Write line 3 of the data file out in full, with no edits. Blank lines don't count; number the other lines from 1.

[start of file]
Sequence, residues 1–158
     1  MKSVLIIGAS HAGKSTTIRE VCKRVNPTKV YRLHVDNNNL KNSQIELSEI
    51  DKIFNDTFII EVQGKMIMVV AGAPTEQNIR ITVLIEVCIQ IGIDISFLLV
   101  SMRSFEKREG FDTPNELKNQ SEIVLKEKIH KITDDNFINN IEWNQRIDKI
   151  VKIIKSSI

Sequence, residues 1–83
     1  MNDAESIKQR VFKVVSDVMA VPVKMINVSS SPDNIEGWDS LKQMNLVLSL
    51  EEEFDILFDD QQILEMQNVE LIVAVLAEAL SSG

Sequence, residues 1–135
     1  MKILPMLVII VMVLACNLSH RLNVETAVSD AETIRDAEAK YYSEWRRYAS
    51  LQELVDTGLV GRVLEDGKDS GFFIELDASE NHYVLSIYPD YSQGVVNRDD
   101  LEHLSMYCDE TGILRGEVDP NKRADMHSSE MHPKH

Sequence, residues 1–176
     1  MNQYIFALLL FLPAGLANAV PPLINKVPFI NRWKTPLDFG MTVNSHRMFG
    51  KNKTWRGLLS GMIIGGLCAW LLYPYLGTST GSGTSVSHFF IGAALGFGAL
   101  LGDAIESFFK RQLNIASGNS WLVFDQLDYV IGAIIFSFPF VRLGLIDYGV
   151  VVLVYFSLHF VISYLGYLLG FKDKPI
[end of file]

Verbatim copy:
    51  DKIFNDTFII EVQGKMIMVV AGAPTEQNIR ITVLIEVCIQ IGIDISFLLV